4. Your attention, please! This is not the time to browse the classifieds or brush the cat; it won’t take you more than 8 minutes or so to cook these, try to hold your enthusiasm for Marmaduke until the end. A watched pot never boils, but an ignored egg will boink your daughter on the living room couch.
5. Put your pan on the burner, bring up the heat, and then drop in your butter. Wait until it is fully dissolved and bubbling merrily before proceeding. If you have too much unmelted butter when the rest has been bubbling and is starting to brown, you have the heat too high. The low side of medium high to medium should be your goal for this, but it truly is a feel-and-test sort of thing.
6. Give each egg a solid whack! on the cooktop to crack it and then split it over the pan. The purists in the audience will note that at this point, I should be first dumping the insides into a bowl to make sure there isn’t anything funny in there, like a lizard or a pair of pantyhose, but I don’t have time for that. In a soufflé or pavlova, yes, but for breakfast? Live a little, people. A note on the egg white at this point — if your heat is correct, it will go opaque almost instantly along the bottom. Any delay and your heat is low or the igloo has a draft.
7. At this time, seasonings should be applied. For this ultimate fried egg recipe, I shy away from anything but tried and true S&P, but with a new twist, because you want to love these eggs, not just like them. Liberal amounts of fresh, ground black pepper in the biggest chunks your grinder will create is essential and you would be hard-pressed to apply too much of it. The pepper has this wonderful property of cutting through the sweetness of the carmelized bits (more on that in a second) and gives a marvelously pungent aroma to the dish. Finish this with the application of some sea salt granules — just enough to taste and not more than you need. This is one area where I feel the so-called, “colored”, sea salts have real application as they are both spice and seasoning, but don’t push your luck.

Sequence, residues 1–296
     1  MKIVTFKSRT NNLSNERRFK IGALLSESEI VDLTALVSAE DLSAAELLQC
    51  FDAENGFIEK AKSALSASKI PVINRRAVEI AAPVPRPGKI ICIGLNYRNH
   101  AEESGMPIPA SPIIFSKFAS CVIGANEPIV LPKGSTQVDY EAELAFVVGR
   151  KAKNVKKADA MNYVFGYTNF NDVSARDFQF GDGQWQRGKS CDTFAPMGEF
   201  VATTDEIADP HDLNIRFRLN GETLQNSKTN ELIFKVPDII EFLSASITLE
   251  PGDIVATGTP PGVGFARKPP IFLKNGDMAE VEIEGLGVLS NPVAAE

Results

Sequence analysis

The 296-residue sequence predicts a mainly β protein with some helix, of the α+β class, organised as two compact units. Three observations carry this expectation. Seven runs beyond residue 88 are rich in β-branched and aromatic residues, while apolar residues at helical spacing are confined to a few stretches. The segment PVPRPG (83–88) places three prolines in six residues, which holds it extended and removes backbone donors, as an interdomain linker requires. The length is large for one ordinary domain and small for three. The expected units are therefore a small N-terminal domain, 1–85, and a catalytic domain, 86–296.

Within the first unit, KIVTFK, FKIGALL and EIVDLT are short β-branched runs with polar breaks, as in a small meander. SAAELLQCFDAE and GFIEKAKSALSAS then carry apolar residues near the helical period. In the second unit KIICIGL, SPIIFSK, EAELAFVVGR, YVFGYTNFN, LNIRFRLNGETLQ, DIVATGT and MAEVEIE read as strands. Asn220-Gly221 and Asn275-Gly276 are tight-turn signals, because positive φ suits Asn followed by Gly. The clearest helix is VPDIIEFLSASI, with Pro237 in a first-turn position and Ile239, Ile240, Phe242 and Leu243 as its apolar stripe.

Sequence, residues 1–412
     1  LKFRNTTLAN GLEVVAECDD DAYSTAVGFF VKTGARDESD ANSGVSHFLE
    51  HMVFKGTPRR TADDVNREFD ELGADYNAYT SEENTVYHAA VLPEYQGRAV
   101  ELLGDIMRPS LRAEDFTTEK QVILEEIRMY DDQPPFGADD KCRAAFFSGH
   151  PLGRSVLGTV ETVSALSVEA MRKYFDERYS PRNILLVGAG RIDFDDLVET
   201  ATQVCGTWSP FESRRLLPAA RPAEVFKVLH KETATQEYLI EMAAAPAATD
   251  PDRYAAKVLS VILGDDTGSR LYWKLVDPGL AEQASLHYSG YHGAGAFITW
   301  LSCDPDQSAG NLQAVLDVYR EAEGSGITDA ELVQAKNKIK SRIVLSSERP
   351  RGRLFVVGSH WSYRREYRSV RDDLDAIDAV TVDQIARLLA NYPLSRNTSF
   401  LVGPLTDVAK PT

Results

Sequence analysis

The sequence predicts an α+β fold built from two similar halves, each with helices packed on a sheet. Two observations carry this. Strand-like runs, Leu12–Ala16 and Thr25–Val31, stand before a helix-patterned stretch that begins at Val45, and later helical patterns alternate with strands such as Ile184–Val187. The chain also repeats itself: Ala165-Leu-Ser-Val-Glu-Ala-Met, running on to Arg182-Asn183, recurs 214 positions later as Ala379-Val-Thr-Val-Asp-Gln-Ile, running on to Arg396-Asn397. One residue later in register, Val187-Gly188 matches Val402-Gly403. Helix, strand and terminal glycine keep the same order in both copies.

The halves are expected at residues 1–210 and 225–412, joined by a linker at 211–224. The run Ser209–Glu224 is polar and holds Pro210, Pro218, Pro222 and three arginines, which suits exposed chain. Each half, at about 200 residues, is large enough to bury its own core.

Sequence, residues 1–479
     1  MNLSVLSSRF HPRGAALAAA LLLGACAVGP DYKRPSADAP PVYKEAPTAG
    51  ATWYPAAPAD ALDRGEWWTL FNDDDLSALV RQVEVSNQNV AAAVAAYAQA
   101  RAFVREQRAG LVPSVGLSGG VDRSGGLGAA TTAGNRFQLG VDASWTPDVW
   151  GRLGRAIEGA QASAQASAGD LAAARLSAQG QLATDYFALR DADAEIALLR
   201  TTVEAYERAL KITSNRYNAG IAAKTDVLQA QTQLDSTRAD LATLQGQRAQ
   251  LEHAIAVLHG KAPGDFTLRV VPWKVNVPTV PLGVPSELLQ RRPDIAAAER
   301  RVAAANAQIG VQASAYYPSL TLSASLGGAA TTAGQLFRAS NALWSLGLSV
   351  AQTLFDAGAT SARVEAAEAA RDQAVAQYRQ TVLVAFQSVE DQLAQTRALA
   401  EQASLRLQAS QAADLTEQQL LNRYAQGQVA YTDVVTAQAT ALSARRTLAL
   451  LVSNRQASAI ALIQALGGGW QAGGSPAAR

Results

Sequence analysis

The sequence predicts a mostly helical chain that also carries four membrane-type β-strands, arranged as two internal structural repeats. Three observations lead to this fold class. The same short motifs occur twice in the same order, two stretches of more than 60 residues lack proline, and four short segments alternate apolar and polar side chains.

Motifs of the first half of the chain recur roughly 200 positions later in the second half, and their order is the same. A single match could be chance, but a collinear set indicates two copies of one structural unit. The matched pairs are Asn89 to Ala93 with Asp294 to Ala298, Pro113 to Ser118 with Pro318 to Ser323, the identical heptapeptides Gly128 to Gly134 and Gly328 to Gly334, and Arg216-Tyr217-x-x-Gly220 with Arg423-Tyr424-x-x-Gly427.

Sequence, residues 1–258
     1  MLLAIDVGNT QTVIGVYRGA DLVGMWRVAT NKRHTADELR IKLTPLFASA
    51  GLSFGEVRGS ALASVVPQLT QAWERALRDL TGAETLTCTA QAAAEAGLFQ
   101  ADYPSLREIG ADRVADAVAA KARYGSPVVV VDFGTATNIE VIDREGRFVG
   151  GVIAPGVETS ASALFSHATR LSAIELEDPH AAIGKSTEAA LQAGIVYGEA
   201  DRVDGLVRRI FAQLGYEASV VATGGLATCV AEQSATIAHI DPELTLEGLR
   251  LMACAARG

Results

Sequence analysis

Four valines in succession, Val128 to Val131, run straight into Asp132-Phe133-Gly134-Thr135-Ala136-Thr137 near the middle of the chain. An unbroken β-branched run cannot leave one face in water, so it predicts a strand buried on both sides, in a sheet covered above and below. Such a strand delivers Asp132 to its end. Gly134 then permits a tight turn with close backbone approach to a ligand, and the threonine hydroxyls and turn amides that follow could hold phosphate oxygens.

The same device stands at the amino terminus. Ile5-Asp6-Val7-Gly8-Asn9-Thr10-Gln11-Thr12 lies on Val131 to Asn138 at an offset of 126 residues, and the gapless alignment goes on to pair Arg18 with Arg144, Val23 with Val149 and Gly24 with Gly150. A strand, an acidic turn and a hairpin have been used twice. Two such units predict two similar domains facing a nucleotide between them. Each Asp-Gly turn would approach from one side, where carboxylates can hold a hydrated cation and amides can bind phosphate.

8. Patience is a virtue as you want to continue to fry the eggs until the surface of the yolks barely start to look dry and you can start to see the very, very edges of the white turn a wonderful brown. The cook time on this side is about 85% of the total time, so don’t be afraid to go a bit long, but you want to prevent from fully cooking the yolk! Yes, I know some of you like yours hard, but you are all strange and odd. A cooked yolk means pasty dryness and an overcooked and rubbery white, so avoid trashing a perfectly good egg. This goes for you, “3 minutes on one side and down the trap” people that prefer it when your food wiggles into your intestines rather than being deposited there. Creepy.
9. Cut the eggs apart with your flipper so you have neat packages to flip and then ease them over gently to prevent breaking the yolk. Remember the admonition to use the sauté pan? This is the reason why, as gently pushing the egg up the side till it flips back onto your instrument is both a turn-on and terribly handy.
10. After flipping, count to 20 and turn the heat off; don’t worry, they’ll finish fine. Let sit for 60 seconds and slide onto a plate. Grab a fork and try to contain yourself to a ten foot radius of thrashing about as you experience the wonderful joy of — an Excellent Egg.
Bon apetit mes ami.